Examined more closely, Untitled characterizes Smith's self-confessed preoccupation with visceral functions associated with life giving bodily fluids - exemplified here by the milk and semen. In contrast to those secretions tied to procreation, the red tinted coloring on both figures (the male more so, imparting a somewhat ruddy hue to his features), certainly implies blood, but might also remind the viewer of the ancient burial practice of adorning the dead body with red ochre. Of further significance is the life/death dichotomy that blood represents as the vector for deadly diseases such as AIDS, from which her sister had recently died and which was then reaching epidemic proportions worldwide.
Smith's prosaic figures are entirely human, with the blemishes, defects, and weaknesses intrinsic to humanity. They challenge the viewer to see the body as more (and less) than beautiful, idealized objects of veneration or attainment; they demand honest self-reflection by the viewer, and acceptance of the frailty, carnality, and vulnerability that are inherent in living in the flesh.
Beeswax and microcrystalline wax - Whitney Museum of American Art, New York, NY
Smith's interest in the elemental functions of the human body, particularly with female anatomy, merges with her Feminist perspective, and the iconography of her Catholic religion in her sculpture, Virgin Mary. She has appropriated the image of the revered matriarch of her faith and removed the luster generated by centuries of veneration to investigate those vital differences that place her above all women.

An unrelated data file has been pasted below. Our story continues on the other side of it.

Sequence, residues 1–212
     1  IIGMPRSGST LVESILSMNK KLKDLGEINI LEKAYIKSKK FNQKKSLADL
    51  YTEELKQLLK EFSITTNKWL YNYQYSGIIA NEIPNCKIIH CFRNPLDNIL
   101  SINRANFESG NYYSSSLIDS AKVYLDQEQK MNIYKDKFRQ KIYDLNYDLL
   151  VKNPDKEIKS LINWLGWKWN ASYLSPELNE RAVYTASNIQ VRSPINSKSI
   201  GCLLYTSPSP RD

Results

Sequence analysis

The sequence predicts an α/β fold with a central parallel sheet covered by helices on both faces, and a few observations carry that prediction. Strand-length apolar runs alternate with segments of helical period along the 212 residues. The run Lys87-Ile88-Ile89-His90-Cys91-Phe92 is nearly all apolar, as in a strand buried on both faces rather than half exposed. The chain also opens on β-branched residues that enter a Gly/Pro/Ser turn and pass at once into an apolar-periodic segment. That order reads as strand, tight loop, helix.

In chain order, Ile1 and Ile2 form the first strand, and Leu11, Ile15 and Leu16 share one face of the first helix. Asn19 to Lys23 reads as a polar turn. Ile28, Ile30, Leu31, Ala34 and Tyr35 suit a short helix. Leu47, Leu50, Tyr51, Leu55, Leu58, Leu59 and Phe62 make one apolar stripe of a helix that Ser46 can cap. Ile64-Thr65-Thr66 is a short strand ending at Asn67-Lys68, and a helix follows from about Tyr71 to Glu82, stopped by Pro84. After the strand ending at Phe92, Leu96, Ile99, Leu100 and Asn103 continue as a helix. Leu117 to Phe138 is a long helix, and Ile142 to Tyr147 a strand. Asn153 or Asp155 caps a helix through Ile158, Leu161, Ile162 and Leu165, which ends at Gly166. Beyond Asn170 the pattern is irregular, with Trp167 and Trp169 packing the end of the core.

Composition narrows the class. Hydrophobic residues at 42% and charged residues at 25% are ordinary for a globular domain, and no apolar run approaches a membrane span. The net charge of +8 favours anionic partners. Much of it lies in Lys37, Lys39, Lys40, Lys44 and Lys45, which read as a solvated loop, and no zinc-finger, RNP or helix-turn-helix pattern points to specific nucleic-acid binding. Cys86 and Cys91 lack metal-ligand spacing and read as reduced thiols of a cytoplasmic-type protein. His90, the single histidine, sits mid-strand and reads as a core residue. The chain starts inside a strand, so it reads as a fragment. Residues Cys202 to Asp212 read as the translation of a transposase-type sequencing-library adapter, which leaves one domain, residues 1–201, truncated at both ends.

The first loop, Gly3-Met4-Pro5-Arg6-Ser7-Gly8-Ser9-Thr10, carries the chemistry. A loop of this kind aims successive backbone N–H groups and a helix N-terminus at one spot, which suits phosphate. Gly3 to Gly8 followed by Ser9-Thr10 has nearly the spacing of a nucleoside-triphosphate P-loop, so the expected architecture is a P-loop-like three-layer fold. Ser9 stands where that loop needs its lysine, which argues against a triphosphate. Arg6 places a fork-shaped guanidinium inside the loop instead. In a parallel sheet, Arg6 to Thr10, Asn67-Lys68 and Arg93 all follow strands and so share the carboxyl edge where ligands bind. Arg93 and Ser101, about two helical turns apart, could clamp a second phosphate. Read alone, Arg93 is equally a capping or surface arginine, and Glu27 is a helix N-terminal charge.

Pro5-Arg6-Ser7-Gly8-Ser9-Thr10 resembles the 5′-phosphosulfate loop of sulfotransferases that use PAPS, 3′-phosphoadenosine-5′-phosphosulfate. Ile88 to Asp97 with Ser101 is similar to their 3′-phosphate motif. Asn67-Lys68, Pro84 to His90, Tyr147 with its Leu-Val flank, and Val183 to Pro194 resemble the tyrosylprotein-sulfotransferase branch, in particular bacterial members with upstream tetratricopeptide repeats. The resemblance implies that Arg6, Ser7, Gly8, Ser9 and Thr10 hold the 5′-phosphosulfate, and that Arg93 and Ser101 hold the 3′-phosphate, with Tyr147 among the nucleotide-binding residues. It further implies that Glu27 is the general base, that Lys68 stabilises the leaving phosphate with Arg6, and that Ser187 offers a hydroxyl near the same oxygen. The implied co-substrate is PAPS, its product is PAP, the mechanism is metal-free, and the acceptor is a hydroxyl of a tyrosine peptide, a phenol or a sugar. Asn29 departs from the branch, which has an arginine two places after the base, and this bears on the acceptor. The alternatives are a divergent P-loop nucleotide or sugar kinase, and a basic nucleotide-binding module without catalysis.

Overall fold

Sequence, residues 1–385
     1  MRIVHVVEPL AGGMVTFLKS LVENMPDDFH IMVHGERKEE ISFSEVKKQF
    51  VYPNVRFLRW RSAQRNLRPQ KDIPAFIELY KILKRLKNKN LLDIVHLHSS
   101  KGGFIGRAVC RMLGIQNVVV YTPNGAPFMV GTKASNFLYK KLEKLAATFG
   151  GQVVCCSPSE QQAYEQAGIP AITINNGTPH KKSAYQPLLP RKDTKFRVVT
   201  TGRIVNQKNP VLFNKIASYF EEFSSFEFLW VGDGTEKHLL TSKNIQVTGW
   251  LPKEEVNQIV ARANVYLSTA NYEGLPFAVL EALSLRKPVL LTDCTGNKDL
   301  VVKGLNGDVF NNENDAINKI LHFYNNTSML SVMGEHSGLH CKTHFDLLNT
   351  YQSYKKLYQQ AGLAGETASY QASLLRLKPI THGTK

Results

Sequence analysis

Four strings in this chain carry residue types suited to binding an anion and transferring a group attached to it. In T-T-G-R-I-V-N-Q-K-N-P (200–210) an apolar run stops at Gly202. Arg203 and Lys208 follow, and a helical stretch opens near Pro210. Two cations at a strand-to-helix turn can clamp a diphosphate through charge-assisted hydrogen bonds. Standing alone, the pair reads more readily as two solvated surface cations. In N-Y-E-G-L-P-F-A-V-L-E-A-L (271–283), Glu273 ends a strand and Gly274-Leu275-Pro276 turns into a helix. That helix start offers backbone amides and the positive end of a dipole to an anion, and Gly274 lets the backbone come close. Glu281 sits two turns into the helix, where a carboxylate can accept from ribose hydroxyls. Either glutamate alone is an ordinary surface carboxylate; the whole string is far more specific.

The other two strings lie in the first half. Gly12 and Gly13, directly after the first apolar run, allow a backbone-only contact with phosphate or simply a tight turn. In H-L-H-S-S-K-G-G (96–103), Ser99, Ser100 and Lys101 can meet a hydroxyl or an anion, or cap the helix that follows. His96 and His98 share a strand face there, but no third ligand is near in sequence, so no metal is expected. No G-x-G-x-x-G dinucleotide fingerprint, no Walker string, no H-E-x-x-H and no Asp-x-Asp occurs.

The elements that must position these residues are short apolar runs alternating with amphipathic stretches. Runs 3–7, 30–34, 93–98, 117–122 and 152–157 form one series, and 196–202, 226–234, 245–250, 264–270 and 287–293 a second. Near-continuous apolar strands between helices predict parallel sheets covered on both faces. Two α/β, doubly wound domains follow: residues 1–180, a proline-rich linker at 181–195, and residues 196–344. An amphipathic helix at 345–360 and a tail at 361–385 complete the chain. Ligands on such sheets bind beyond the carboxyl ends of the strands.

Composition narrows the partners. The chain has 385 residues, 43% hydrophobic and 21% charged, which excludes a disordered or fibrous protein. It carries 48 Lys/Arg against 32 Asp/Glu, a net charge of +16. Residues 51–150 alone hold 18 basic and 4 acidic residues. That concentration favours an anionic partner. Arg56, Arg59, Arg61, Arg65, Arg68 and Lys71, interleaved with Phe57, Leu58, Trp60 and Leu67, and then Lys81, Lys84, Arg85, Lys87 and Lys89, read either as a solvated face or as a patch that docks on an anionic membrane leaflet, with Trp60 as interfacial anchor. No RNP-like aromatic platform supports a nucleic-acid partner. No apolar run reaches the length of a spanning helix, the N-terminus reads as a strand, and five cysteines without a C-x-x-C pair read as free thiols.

Nearly life-size, the wax figure stands, feet together, arms at her sides turned slightly outward, palms up. Her body is depicted nude, but without skin, so that the musculoskeletal system is all that remains, except that her head, hands, breasts, genitalia, and feet all retain their pale flesh. Her head is hairless, the facial features barely discernable. The impersonal nature of the figure, with its reddish-pink layers and bands of muscle, sinew and pale bone brings to mind anatomical models and medical textbook illustrations.
The open-arm posture, however, suggests images of a Eurocentric 'Virgin Mary', for which this sculpture is named, and is reminiscent of Orans figures of early Christianity. Familiar posture aside, Smith withholds Mary's traditional attributes: the halo, blue robe, bejeweled crown, lilies, roses, nursing infant, which generate an otherworldly sort of aura meant to elevate her above all women. Instead, the viewer is asked to acknowledge the woman beneath the veneer of holy mysticism. This Mary offers the viewer no gentle countenance or spiritual comfort. Rather, by removing her skin yet retaining those portions for which she was adored - her breasts, uterus and hands - Smith's sculpture reveals the affinity Mary shares with all women, the blood and bodily functions, the muscle, sinew, and bone. Once examined, the viewer is obligated to acknowledge that those functions for which Mary was revered (and for which women have, historically, been condemned by the Church as unclean) are what actually made her a woman, and that in her humanity she was simply flesh and blood. This leaves viewers with a conundrum, as they must decide either that the venerated figure was simply human or that a woman's body is actually sacred.
Beeswax, microcrystalline wax, cheesecloth, and wood - Pace Gallery
It is important in understanding Smith's contributions to art to examine other media beyond sculpture, which are far ranging. Smith had considerable experience in printmaking, having experimented with monotype, and screen methods since the late 1970s. But, her work in etching was new.
Sueño (Spanish for "dream") is a two-color intaglio print depicting a life-size figure curled into a distorted semblance of a fetal pose in the center of a large sheet of Japanese paper. It is impossible to discern the figure's gender (though Smith herself posed for it, while assistants traced her), reinforcing its enigmatic quality. Negative space surrounds it creating a sense of vulnerability. It curls awkwardly, with its back curved upward and slightly torqued, legs drawn up, its right foot tucked behind the left leg, arms pressed open from the shoulder, and its hairless skull facing downward in profile.